Fistfights, meddling, gridlock among alleged failings in Questa
New Mexico’s public education secretary has suspended the authority of Questa’s school board, rendering all six members powerless.
Secretary-designate Hanna Skandera found that a faction of the bickering board meddled in daily operations that should have been the purview of the superintendent.
She also said a bitter 3-3 split among board members made it impossible to accomplish school business during board meetings.
Skandera, right, cited certain board members’ failings as engaging in fistfights at public meetings, harassing school staff members and mismanagement leading to no management at all.
She has appointed one of her deputies, Paul Aguilar, to serve as Questa’s board of education.
Aguilar told the state Public Education Commission at a meeting today that the Questa board was dysfunctional and misbehavior by a faction had jeopardized the effectiveness of schools.
The Questa Independent School District has about 510 students.
Aguilar said state law required that all board members be removed in an emergency such as this one. Skandera simply could not oust “the bad actors” whose behavior had caused trouble that was hurting students, Aguilar said.
In her order removing power from the school board members, Skandera said three intervened improperly in daily operations.
“Upon notarized statements, the PED has been informed that board members Matt Ortega, Tammy Jaramillo and Daryl Ortega pressured former school superintendents to fire school personnel,” Skandera stated.
She said the superintendent is the chief executive officer who is responsible for hiring and firing employees, and for the daily management of staff members.
Jaramillo, in a telephone interview this afternoon, said the accusations were false.
Of the allegation that Jaramillo intervened in school personnel matters, she said: "That is totally incorrect."
Skandera also said that she received a complaint about Matt Ortega striking his own son in the parking lot of a school, and that he harassed a principal, Valerie Trujillo, for reporting him to authorities.
Matt Ortega harassed and micromanaged staff to a point that the district banned him — a school board member — from campus, Skandera’s statement said.
In addition, she said, Matt Ortega ordered that an electrical line belonging to the district be dug up. Skandera said his interference cost the district money because more work was required of contractors and the district’s legal counsel.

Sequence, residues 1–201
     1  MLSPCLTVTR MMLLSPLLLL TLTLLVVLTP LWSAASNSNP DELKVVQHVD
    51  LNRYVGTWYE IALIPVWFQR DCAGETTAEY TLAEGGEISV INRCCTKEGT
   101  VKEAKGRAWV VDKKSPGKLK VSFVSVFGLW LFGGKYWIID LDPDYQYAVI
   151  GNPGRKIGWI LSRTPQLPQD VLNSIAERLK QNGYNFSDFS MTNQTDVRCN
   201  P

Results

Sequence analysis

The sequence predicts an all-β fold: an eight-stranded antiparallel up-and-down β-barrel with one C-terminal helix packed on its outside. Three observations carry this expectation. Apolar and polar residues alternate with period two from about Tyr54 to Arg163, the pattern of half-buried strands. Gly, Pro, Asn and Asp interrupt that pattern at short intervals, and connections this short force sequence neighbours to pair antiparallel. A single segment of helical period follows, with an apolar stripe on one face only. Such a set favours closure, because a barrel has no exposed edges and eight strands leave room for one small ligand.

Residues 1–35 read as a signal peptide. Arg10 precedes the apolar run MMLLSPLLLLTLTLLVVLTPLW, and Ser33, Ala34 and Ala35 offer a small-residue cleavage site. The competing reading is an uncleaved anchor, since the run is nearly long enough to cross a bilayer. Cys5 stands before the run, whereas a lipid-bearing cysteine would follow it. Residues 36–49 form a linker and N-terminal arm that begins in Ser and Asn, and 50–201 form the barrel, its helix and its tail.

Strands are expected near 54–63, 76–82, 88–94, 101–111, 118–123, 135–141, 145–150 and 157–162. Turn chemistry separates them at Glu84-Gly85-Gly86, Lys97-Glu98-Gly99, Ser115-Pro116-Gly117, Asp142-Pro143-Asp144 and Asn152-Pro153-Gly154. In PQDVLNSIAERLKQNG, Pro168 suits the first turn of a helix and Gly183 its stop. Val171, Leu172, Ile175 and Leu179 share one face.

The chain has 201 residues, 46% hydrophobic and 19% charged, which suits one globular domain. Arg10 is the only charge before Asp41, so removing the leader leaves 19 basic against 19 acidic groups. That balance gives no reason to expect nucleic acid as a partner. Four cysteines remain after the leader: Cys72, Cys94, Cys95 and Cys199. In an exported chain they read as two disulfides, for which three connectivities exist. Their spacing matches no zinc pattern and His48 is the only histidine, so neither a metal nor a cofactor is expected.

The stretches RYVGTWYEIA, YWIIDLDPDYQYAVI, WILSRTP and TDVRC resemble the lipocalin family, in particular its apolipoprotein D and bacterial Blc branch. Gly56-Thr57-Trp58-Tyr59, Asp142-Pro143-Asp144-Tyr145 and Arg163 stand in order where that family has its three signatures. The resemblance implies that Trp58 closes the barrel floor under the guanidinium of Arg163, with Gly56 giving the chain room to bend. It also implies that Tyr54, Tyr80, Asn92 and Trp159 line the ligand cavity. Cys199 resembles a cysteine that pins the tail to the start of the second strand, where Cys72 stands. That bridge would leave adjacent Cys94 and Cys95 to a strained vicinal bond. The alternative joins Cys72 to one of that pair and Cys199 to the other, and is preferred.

Board meetings in Questa were chaotic. Staff members said certain board members publicly accused them of immorality or crimes.
By Skandera’s account, some meetings ended in fistfights between board members or with some members simply walking out, meaning there was no quorum and no chance to vote on district business. She did not specify which board members allegedly fought with one another.
But Jaramillo and another board member, Kenneth D. Gallegos, said that violence happened before they were elected to the school board in February 2011. Both said the fight involved Matt Ortega and a former board member.
Questa is supposed to have seven board members. But after one resigned, the remaining six could never agree on a replacement. The 3-3 division on the board made it impossible to get anything done, Aguilar said.
The district’s interim superintendent, Lester Beason, asked the state Public Education Department for help, as the board had not acted on matters such as paying bills or approving staff assignments he recommended.
Gallegos said he was upset that all six board members were "thrown under the bus." But, he said, business was not getting done. If his being sacrificed was necessary to weed out others, then perhaps it is worthwhile, Gallegos said.
Larry Behrens, a spokesman for the department, said he did not believe a full school board had ever before been removed from power by the education secretary.
A public hearing on the board members’ suspensions is scheduled for Nov. 5 at the Taos Convention Center. Board members can appear then to show cause why their suspension should not be permanent, Aguilar said.
In addition to the Ortegas and Jaramillo, the suspended board members are Bernie A. Torres, Jack L. Gallegos and Kenneth D. Gallegos.
SUSPENDED BOARD MEMBER MATT ORTEGA'S REACTION
He says the report is false and outdated. He said he never struck his son, and that he was cleared in a state investigation.
Ortega also said he never interfered in personnel matters or any other day-to-day issue.
"I didn't do anything wrong," said Ortega, a board member for almost eight years.
REACTION FROM OUSTED BOARD MEMBER TAMMY JARAMILLO
(This statement is in her own words. We did not edit it, hence the run-on sentences).
It is clear that people are upset and they will go to extreme measures. This is what I call political misdirection – let’s not focus on the real issues, let’s not look at the truth – when we have two schools that are in failing status and one of them has 14 students and we are paying approx. $300,000.00 year and paying contractors for mediocre work. Staff needs be held accountable and so does the contractors – of course they will be misdirecting the truth and state half truths or just down outright lie. We have good staff and I do believe that Questa Independent School District can rise above our failing grades; all our energy should be going to bringing up the Grades, increasing enrollment at Rio Costilla and our School's in tip top shape to give Students a better Education.